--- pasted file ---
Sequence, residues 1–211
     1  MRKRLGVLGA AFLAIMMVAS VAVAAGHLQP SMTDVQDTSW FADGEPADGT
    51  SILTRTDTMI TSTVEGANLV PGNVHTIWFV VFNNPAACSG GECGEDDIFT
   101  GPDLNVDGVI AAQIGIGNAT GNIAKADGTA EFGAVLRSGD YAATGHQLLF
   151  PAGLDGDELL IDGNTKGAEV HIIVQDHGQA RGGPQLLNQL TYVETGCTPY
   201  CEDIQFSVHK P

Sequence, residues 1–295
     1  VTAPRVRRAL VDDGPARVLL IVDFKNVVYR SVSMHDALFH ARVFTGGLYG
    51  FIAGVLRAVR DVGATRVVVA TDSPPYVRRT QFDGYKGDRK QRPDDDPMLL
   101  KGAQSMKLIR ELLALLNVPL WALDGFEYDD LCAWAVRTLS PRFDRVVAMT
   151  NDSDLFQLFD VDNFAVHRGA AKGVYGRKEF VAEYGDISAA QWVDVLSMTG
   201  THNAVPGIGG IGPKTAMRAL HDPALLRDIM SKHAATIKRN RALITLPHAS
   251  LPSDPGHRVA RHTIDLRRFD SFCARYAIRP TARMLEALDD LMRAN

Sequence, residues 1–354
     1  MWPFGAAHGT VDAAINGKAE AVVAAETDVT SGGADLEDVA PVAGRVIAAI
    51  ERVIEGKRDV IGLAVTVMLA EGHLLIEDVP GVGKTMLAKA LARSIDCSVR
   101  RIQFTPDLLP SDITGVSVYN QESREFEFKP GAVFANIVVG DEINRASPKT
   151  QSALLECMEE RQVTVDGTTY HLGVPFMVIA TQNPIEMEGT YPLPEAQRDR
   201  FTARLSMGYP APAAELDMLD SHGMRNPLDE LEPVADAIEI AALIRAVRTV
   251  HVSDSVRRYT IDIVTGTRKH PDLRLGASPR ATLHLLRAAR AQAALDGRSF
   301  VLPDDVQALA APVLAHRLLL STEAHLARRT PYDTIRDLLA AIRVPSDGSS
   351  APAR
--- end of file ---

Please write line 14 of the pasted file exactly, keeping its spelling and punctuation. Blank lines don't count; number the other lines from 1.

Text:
Sequence, residues 1–354